I don't necessarily hold games as special in this regard (except perhaps in the degree to which the player/reader/viewer must be considered). But this very discussion seems to reveal differences in how people perceive art. I think it is vital in a video game to consider the player as a participant in the art being created, but I also believe that the same is true for the viewer of movies or reader of books or audience of plays or the person appreciating sculptures and paintings. I don't see artistic merit in something which has nothing to convey, and that criterion necessarily involves a "consumer" of the artwork who participates in that conveyance.

A painting or game or movie created solely for the enjoyment of the creator is not art, it's masturbation. Art is communication.

Is it possible for that communication to occur on accident? Even if a creator does it for his/her own enjoyment and it just happens to mean something to another, does that not count?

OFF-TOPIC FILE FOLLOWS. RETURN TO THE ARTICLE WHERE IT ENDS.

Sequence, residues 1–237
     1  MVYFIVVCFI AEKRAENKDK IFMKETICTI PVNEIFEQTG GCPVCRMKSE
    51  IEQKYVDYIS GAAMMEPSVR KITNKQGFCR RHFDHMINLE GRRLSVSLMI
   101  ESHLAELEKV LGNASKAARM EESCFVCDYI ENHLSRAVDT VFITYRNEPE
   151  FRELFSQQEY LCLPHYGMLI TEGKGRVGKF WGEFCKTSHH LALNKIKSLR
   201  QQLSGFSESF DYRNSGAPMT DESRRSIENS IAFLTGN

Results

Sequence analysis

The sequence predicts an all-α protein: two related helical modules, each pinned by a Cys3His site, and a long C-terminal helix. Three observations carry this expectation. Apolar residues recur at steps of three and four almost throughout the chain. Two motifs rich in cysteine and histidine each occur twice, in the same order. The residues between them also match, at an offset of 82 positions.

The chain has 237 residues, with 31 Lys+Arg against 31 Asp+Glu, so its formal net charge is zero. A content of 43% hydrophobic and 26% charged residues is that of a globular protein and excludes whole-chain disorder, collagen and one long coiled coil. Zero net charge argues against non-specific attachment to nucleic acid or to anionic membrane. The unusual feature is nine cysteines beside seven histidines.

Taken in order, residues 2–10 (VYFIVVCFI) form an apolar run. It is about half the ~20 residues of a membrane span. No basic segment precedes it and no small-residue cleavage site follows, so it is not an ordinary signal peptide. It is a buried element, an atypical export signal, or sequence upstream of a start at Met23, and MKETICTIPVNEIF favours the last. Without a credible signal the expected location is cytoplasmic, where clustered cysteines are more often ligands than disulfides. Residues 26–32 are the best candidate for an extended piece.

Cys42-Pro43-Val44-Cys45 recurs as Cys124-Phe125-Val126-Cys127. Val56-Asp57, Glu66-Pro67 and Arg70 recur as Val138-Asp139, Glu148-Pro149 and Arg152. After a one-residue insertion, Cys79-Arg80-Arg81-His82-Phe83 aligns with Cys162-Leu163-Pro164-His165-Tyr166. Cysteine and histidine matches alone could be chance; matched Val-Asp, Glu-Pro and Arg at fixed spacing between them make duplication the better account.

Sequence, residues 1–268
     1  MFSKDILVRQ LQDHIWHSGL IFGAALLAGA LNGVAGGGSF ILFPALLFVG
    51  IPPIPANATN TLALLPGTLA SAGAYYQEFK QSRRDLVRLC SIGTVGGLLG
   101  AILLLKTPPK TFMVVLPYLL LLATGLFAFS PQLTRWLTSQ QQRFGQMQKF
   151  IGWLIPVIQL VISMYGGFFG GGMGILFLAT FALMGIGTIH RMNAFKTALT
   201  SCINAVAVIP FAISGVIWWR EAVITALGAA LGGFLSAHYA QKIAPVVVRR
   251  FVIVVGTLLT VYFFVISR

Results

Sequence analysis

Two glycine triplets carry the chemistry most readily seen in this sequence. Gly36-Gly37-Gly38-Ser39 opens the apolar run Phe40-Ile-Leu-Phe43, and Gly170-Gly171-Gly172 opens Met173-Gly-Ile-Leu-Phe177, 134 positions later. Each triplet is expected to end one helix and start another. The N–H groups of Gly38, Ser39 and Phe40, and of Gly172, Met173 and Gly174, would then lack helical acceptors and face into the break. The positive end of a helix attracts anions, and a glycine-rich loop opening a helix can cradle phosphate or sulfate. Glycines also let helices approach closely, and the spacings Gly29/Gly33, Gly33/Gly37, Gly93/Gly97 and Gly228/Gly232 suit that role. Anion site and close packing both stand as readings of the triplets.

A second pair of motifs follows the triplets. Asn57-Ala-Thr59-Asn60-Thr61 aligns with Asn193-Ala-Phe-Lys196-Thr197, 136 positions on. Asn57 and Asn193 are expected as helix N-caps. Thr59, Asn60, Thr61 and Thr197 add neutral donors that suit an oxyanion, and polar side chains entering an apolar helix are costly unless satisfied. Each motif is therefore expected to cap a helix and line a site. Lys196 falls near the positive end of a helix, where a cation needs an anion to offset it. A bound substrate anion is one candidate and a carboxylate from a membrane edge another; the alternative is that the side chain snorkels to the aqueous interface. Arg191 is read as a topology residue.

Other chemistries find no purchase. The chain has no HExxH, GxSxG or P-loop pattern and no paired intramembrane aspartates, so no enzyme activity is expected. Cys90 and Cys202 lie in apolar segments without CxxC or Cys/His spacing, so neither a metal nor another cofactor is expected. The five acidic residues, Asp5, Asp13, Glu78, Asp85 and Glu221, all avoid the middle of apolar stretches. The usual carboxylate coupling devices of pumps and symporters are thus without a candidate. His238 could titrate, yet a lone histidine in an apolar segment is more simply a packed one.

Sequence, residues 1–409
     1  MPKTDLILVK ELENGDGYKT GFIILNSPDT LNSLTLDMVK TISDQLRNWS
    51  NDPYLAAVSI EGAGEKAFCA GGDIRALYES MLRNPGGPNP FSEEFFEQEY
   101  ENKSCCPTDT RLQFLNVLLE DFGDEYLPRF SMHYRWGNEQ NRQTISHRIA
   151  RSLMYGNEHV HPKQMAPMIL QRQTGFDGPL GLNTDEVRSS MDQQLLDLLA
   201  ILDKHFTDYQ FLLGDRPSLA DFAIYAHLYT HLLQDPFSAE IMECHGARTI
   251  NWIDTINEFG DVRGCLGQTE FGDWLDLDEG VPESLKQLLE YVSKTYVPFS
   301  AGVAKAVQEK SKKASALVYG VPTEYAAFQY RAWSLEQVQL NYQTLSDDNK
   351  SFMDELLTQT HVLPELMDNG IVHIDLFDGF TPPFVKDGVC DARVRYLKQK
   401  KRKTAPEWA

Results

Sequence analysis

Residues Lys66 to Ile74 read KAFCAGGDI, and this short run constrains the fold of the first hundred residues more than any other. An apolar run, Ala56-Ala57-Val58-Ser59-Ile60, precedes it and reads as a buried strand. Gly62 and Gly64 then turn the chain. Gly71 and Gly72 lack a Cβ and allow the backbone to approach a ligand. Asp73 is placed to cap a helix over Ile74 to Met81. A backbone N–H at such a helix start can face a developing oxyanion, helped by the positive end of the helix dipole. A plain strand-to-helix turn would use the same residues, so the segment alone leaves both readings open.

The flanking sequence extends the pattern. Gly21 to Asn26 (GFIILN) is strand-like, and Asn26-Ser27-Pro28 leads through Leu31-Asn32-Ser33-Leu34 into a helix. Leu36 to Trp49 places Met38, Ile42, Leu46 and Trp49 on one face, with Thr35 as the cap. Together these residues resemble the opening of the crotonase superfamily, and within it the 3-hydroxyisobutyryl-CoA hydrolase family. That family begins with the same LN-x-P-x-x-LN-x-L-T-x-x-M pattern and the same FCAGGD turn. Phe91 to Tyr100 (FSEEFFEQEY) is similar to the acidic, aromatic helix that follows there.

mikespoff:

IvoryTowerGamer:

mikespoff:

snip

...While I agree with all that you say above, I don't see how video games are special in this regard. People often say that literature only comes to life when there is someone to read it, and that audiences can often directly affect how a musician performs their songs. True, in video games the player sometimes has a direct hand in shaping the plot, but how often do those changes actually affect the themes of the work itself, and even more importantly, how often are those changes not the result of mechanics already set in place by the game designer.

I don't necessarily hold games as special in this regard (except perhaps in the degree to which the player/reader/viewer must be considered). But this very discussion seems to reveal differences in how people perceive art. I think it is vital in a video game to consider the player as a participant in the art being created, but I also believe that the same is true for the viewer of movies or reader of books or audience of plays or the person appreciating sculptures and paintings. I don't see artistic merit in something which has nothing to convey, and that criterion necessarily involves a "consumer" of the artwork who participates in that conveyance.